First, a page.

How many props has Adam Savage inspected very closely in his career? Tens of thousands? How many props has the man built? Also probably some huge number. So when the former Mythbuster and master of the one-day build says that Major's robot skeleton from the upcoming live-action version of Ghost in the Shell is a "masterpiece," it's probably worth perusing.
The Major's assembly (birth?) sequence is an iconic part of the original 1995 film in which machine becomes man, so it makes sense that the filmmakers behind the live-action version—out March 31—would want to make something truly stunning for a prop skeleton. Weta Workshop, a company whose special effects and props have appeared in a huge number of blockbuster films, took on this task, and as Savage's palpable excitement verifies, they did an amazing job.
Savage, who's recently looked at other insane Ghost in the Shell props, notes at the beginning of the video that Major's endoskeleton is "one of the loveliest props that [he's] ever seen up close" and once he actually lays eyes on it he gives it something truly special: a double-holy moly.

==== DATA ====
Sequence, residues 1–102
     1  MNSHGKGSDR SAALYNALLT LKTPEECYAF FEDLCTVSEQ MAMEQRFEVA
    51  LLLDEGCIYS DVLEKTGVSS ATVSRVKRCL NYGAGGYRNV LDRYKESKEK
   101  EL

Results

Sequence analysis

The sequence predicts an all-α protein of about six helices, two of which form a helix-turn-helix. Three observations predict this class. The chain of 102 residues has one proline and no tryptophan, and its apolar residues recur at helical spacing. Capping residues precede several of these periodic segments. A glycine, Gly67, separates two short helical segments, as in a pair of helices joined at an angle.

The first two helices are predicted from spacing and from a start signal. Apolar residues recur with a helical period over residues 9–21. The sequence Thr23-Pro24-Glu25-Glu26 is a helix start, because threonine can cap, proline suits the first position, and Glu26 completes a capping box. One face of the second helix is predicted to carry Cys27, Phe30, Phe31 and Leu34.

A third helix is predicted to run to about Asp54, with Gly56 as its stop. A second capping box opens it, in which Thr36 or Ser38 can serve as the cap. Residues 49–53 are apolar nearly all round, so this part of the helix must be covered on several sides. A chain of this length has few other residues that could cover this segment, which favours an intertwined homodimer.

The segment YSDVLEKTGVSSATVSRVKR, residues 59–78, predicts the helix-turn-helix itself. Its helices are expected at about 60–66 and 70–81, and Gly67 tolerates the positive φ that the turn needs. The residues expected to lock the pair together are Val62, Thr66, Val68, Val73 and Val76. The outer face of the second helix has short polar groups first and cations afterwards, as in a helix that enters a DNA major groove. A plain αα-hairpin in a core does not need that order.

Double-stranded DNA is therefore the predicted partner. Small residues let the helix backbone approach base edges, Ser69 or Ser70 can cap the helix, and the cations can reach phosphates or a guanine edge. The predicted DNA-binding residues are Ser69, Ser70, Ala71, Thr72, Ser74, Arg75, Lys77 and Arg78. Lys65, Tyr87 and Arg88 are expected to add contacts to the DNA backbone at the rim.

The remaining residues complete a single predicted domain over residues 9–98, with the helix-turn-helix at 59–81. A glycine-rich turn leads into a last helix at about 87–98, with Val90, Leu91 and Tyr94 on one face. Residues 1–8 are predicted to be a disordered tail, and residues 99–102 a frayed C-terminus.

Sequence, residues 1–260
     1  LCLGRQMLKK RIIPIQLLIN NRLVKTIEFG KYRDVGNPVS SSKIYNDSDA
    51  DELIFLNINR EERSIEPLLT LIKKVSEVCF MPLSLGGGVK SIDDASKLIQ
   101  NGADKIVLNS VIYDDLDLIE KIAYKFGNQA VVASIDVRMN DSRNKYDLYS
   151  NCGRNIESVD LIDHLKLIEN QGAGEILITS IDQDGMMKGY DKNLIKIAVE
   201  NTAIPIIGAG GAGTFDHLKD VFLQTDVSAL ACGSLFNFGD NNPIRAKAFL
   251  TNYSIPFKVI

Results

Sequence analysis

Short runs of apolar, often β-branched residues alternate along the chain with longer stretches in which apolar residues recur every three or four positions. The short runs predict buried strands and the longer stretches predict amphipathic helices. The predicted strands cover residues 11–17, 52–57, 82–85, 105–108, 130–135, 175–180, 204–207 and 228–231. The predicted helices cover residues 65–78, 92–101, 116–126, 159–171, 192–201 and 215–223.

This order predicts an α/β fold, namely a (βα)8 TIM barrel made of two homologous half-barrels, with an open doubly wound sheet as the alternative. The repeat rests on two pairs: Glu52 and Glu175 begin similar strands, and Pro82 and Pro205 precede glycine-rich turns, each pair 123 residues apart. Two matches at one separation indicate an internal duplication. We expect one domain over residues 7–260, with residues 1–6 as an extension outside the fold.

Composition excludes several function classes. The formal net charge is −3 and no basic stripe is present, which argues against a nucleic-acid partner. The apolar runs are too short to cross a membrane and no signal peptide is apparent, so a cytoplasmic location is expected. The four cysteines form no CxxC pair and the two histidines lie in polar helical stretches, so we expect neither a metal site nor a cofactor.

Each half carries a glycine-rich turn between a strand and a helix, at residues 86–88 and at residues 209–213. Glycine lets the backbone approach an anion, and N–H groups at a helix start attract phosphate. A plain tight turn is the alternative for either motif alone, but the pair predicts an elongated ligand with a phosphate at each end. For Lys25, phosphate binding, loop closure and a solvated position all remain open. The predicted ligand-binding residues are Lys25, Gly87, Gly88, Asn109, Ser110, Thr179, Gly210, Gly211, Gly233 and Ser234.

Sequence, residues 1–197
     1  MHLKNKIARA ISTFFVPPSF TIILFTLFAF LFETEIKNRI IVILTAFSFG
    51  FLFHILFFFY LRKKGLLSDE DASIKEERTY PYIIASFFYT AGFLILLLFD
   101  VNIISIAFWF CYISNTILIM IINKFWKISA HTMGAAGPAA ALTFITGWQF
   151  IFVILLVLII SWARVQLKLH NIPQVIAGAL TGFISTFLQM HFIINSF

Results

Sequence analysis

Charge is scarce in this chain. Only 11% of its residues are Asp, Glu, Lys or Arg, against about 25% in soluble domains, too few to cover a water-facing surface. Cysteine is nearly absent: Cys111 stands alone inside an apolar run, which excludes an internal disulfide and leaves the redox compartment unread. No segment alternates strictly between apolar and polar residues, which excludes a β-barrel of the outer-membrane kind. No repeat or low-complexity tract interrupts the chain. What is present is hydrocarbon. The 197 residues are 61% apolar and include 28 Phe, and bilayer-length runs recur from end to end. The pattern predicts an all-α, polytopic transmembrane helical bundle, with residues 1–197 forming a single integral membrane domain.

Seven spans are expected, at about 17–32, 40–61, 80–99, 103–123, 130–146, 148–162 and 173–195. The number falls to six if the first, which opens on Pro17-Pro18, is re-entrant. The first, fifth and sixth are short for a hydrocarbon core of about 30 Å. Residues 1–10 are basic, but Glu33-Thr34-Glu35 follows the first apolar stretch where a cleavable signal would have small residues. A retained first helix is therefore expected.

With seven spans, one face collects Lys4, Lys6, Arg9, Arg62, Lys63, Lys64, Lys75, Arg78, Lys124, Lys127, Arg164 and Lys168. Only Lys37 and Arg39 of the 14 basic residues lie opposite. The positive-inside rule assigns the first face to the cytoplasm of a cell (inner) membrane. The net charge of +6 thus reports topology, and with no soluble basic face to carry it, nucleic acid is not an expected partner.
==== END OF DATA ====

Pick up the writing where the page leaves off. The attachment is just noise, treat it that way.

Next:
Jared Haley, the man across from Savage in the video with the delightful accent, is a technician at Weta, and he gives a rundown of how the endoskeleton was made: utilizing 300-400 separate 3-D printed components, hundreds of hours of 3-D printing, and about a month's worth of work all in.
Perhaps the most notable aspect of a prop like this is the fact that Weta had to one-up any possible CGI version of the endoskeleton, meaning they had to bring a real physical object to life just as intricate and polished as the virtual one. The effort clearly paid off, with Savage noting that "it doesn't matter how close you get to [the endoskeleton], the beauty of the fine detail is extant at every scale."
What do you think about this "masterpiece" endoskeleton? Let us know in the comments below!